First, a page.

The myth of “The Ten Lost Tribes of Israel” is true. The myth of Troy was only proven to be historically true in the late 1800s. Recently and currently numerous myths of Ancient Israelites steadily are being proven to have a factual evidence based ‘truth’. That ‘truth’ is primarily via a large array of archaeological troves being meticulously uncovered, and scientifically recorded as hard evidence including an abundance of dateable artefacts.

In recent decades, recent years, and currently, there is more evidence of the survival of several of those Ten Tribes being documented via living sources. Some living examples include: the Igbo of Nigeria; the Pashtuns of Afghanistan; and others. Notably, the Ten Tribes of Israel were not actually ‘lost’ but were intertwined often through intermarriage. Importantly, not all Pashtuns are descendants of the Jewish People.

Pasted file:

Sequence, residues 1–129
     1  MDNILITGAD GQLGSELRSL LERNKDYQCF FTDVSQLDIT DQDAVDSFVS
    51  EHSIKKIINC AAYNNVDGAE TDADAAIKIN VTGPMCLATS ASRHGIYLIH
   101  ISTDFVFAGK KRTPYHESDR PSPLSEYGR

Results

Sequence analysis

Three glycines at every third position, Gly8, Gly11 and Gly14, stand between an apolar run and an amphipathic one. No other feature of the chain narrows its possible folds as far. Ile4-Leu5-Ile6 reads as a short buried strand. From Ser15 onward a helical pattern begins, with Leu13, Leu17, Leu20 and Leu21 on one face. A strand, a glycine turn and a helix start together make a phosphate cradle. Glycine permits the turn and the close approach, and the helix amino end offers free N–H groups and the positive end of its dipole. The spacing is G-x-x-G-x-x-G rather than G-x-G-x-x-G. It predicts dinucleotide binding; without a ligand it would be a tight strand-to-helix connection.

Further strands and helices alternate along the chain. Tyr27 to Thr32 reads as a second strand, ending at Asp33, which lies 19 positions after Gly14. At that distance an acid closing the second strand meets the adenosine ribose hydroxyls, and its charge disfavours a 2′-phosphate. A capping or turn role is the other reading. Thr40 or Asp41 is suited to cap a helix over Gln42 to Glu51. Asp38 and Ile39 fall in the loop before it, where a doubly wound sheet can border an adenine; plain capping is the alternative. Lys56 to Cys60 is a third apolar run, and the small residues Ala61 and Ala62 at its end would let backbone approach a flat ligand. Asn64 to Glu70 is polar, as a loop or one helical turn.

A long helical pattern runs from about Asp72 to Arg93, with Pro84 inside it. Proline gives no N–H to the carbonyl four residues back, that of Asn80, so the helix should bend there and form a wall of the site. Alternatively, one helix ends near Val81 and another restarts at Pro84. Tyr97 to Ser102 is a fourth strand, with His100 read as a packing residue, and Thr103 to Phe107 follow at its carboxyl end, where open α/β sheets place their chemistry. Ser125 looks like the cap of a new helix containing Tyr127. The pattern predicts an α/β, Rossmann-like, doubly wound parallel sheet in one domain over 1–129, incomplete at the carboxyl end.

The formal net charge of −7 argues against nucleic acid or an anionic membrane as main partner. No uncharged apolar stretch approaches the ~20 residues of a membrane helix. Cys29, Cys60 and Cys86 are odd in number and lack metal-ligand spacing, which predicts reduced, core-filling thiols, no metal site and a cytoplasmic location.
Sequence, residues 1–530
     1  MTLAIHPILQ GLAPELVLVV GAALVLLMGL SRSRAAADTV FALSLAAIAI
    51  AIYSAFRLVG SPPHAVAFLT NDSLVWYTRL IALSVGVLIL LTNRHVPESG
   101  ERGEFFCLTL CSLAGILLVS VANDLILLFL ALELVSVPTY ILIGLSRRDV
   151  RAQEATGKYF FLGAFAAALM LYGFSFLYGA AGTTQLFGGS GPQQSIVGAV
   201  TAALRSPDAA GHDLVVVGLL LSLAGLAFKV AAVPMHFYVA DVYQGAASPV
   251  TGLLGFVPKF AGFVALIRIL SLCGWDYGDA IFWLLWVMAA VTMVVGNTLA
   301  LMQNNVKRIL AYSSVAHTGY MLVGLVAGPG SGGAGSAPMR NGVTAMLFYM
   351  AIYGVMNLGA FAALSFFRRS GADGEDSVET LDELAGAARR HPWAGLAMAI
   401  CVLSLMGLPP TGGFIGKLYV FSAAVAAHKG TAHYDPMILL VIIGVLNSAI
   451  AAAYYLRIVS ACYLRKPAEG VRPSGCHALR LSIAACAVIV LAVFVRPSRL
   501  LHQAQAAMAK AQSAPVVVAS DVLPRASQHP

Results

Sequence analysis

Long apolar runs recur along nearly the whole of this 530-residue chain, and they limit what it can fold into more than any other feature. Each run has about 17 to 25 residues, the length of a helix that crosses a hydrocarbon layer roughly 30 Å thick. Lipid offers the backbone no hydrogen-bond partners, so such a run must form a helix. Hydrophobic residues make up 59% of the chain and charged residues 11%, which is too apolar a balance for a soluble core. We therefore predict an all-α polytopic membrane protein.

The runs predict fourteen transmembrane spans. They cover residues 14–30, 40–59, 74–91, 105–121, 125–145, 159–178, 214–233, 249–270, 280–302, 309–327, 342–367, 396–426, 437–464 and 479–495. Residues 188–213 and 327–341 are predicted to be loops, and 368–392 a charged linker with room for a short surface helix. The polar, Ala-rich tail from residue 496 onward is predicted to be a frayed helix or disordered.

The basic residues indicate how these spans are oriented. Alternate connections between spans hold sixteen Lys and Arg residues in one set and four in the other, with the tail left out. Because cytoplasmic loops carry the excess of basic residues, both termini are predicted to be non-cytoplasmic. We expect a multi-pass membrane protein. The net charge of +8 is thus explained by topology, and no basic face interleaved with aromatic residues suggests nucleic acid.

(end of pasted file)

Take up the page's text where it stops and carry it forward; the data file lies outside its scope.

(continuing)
Names of greater Pashtun tribes include the Rubeni, Gadi, Ashuri, Efridi, Shinwari, Lewani and Yousefzai, which clearly resemble the tribes of Reuven, Gad, Asher, Ephraim, Shimon and Yosef. The royal family of Afghanistan traces its origins to the line of King Saul of the tribe of Benjamin. These facts are not new. The Bible mentions the Assyrians settling the Lost Tribes in Gozan, which is one of the names of the Amu Darya, a major Afghan river, identified as such by Rav Sa’adia Gaon. Medieval writings by Jewish travelers to Afghanistan mentions the Israelite origins of the Pashtuns.” Baruch Kogan and Rabbi Harry Rozenberg of iTribe – February 21, 2018.